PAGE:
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Iraq oil sales up but plans 'unrealistic'

BAGHDAD, March 5 (UPI) -- Iraq's oil exports last month were listed as the highest since Saddam Hussein invaded Kuwait in August 1990. That may enhance Prime Minister Nouri al-Maliki's election prospects but industry analysts say his plans to quadruple oil production in the next few years is way beyond Iraq's capabilities.

"Oil exports for February reached 2.069 million barrels (per day) and this is the highest level since 1990," Oil Ministry spokesman Assem Jihad said Tuesday.

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"This is a step toward the ministry's goal of exporting 2.15 million barrels per day this year."

In some quarters, the ministry's claim was taken with a pinch of salt amid suspicions it was a last-minute ploy to boost the chances of Maliki's Iraq National Alliance in parliamentary elections scheduled for Sunday.

The ministry has in recent months signed 20-year contracts with foreign oil companies to take over 10 of the country's major oil fields with the task of boosting production as soon as possible.

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Maliki's government has said it aims to push production, currently averaging 2.4 million bpd, to 10 million-12 million bpd in the next seven years.

This is intended to generate the revenue to pay for national reconstruction and to re-establish Iraq as a pre-eminent producer that will, rival, if not eclipse, Saudi Arabia and Russia, the world's leading producers.

This ambitious plan, with investment by the oil companies running to at least $50 billion, has been greeted with considerable skepticism by many in the oil industry.

Industry analysts maintain that Iraq's oil infrastructure has been so neglected and battered over the last three decades because of war, poor management, lack of investment and international sanctions that the goals Baghdad has set are unrealistic.

And the Organization of Petroleum Exporting Countries, of which Iraq was a founding member, is not likely to allow Iraq to produce whatever it wants in defiance of its quota system that regulates output and prices.

That, admittedly, is extremely leaky, some members blatantly produce more than their quotas when they feel they need to. But dominant powers such as Saudi Arabia are not going to meekly allow Baghdad to drive down prices through untrammeled production.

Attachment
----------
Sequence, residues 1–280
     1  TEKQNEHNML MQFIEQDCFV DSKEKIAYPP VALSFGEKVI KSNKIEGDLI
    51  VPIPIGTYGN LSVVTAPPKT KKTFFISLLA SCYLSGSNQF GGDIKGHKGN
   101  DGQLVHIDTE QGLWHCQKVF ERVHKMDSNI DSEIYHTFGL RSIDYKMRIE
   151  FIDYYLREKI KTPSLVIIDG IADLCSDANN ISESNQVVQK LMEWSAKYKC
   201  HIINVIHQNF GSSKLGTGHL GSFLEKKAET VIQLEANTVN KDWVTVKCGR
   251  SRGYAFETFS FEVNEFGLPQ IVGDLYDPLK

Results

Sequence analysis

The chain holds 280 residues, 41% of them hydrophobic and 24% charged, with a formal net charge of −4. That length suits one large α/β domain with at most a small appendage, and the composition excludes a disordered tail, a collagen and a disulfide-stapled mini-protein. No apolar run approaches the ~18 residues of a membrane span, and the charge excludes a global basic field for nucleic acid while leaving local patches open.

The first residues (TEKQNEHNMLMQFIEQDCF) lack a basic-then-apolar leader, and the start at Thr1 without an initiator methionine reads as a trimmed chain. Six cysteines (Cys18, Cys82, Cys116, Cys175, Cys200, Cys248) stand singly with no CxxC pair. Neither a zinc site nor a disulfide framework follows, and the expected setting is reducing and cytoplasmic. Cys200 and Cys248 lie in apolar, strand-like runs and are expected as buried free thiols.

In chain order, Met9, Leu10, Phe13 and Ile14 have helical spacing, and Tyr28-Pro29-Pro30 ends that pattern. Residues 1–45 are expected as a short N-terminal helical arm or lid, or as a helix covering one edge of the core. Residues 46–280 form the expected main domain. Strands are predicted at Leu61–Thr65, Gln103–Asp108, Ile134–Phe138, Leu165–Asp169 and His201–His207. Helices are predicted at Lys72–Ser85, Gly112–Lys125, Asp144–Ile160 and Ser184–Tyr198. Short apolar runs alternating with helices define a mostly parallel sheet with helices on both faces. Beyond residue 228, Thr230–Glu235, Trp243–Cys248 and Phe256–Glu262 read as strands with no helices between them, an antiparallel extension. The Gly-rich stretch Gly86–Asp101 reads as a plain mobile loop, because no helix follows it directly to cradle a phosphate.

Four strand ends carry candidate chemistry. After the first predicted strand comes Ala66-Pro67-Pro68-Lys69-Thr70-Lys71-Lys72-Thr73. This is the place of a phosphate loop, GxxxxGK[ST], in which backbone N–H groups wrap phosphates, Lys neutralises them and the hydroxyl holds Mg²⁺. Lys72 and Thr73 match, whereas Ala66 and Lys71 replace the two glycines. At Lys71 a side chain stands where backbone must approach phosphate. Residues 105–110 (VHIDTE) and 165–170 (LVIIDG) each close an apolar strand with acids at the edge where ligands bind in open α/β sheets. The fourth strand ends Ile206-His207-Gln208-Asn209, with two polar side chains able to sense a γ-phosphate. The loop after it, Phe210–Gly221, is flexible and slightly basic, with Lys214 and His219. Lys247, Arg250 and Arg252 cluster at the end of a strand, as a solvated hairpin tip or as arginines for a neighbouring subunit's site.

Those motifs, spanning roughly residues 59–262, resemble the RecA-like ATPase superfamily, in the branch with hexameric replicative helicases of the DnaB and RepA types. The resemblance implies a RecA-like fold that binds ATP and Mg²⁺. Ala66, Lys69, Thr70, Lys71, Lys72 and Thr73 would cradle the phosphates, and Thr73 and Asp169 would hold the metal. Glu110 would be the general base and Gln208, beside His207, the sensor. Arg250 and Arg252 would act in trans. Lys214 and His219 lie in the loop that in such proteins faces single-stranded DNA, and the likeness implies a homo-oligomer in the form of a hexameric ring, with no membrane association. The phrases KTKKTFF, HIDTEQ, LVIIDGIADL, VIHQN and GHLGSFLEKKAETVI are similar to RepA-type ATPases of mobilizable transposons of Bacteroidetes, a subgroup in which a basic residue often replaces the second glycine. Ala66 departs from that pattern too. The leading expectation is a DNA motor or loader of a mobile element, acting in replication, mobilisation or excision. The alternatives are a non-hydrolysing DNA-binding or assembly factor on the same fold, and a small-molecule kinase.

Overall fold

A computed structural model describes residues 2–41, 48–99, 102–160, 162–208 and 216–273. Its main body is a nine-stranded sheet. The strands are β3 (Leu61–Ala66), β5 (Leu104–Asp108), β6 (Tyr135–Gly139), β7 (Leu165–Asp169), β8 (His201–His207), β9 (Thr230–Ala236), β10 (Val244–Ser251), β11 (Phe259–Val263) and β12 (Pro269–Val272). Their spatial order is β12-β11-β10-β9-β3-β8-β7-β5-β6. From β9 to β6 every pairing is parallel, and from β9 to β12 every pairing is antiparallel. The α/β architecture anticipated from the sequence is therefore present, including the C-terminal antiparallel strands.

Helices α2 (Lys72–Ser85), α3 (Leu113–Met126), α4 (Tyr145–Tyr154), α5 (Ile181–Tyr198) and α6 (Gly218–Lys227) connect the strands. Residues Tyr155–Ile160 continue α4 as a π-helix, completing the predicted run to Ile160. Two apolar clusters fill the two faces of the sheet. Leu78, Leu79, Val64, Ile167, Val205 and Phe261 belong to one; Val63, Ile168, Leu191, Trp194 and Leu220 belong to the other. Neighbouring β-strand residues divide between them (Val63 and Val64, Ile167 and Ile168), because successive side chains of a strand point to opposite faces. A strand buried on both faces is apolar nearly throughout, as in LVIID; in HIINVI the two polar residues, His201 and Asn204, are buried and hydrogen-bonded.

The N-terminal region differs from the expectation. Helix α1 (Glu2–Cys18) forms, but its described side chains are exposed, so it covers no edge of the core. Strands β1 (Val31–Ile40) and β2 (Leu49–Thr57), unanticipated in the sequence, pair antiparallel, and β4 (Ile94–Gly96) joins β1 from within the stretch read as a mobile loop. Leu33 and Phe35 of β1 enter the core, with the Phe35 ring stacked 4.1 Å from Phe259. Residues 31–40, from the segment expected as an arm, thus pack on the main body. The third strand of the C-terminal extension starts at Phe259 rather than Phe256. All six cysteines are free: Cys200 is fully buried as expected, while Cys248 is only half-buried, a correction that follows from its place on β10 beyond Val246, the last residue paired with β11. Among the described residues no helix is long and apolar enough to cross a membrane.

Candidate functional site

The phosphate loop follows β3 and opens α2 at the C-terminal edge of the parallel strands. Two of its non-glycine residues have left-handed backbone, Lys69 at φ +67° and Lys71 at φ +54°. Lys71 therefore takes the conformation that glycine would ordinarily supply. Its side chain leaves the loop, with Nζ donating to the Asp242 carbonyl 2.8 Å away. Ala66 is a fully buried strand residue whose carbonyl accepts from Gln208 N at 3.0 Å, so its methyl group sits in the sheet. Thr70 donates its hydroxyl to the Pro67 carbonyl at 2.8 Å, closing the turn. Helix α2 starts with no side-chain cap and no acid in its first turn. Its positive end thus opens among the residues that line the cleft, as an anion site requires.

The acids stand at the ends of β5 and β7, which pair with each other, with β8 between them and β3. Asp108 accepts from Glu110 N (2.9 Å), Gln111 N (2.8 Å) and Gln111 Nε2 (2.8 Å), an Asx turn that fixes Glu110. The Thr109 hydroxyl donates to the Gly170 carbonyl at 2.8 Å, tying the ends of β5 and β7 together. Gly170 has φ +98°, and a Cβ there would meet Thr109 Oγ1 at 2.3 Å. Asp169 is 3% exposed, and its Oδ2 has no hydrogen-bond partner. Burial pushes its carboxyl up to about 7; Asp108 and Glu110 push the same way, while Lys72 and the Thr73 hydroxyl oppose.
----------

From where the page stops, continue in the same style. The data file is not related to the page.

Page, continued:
And there remain fears that, as the U.S. military withdraws under a December 2008 security agreement with Baghdad, the country will descend into sectarian bloodletting again.

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Herman T. Franssen, president of the International Energy Associates in Washington, told the Emirates Business 24/7 agency this week that it is unlikely that Iraq will reach its production objectives.

"Iraq continues to grapple with some very serious problems," he said.

"I'll be surprised if they're able to achieve a supply level of 10 million to 12 million barrels a day in the foreseeable future.

"Iraq does not have the required infrastructure, the ports or pipelines to be able to transfer such huge amounts of oil," Franssen said.

The first big problems the Oil Ministry will encounter will be when the country's production capacity reaches 3.8 million bpd, he stressed.

"That's when Iraq's production will match the quota fixed for Iran. And considering the traditional rivalry between the two countries, Iraq will face difficulties in raising output further," Franssen cautioned.

The contracts finalized by the Oil Ministry have been an electoral boon for Maliki in many parts of the country and the prime minister has flaunted them for all they are worth during his campaign.

Iraq has proven reserves of 115 billion barrels, the fourth largest in the world after Saudi Arabia, Canada and Iran. But its untapped reserves are believed to be as much again.

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That's enough to bolster Iraq's economy for decades to come while other producers' reserves start running out.

But the vital issue of not only rebuilding Iraq's dilapidated energy infrastructure but vastly expanding it, amid the possibility of renewed sectarian strife, will be the deciding factor.

"Bottlenecks are everywhere and it's going to be a very tall order," said oil analyst Samuel Ciszuk of the London's IHS Global Insight consultancy.

"It's going to be very, very tough to do."

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